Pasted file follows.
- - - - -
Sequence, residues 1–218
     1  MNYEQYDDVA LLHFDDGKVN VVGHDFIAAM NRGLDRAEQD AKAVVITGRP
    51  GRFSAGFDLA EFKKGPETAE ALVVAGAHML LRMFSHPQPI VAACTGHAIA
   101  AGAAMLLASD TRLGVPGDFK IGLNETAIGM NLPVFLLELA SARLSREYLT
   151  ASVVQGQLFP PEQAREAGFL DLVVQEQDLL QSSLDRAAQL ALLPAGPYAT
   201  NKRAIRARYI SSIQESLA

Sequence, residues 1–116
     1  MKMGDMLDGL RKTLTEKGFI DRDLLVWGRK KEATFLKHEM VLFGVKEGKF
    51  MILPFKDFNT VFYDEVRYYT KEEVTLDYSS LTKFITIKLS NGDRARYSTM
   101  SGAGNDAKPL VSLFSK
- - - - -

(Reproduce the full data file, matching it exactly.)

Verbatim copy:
Sequence, residues 1–218
     1  MNYEQYDDVA LLHFDDGKVN VVGHDFIAAM NRGLDRAEQD AKAVVITGRP
    51  GRFSAGFDLA EFKKGPETAE ALVVAGAHML LRMFSHPQPI VAACTGHAIA
   101  AGAAMLLASD TRLGVPGDFK IGLNETAIGM NLPVFLLELA SARLSREYLT
   151  ASVVQGQLFP PEQAREAGFL DLVVQEQDLL QSSLDRAAQL ALLPAGPYAT
   201  NKRAIRARYI SSIQESLA

Sequence, residues 1–116
     1  MKMGDMLDGL RKTLTEKGFI DRDLLVWGRK KEATFLKHEM VLFGVKEGKF
    51  MILPFKDFNT VFYDEVRYYT KEEVTLDYSS LTKFITIKLS NGDRARYSTM
   101  SGAGNDAKPL VSLFSK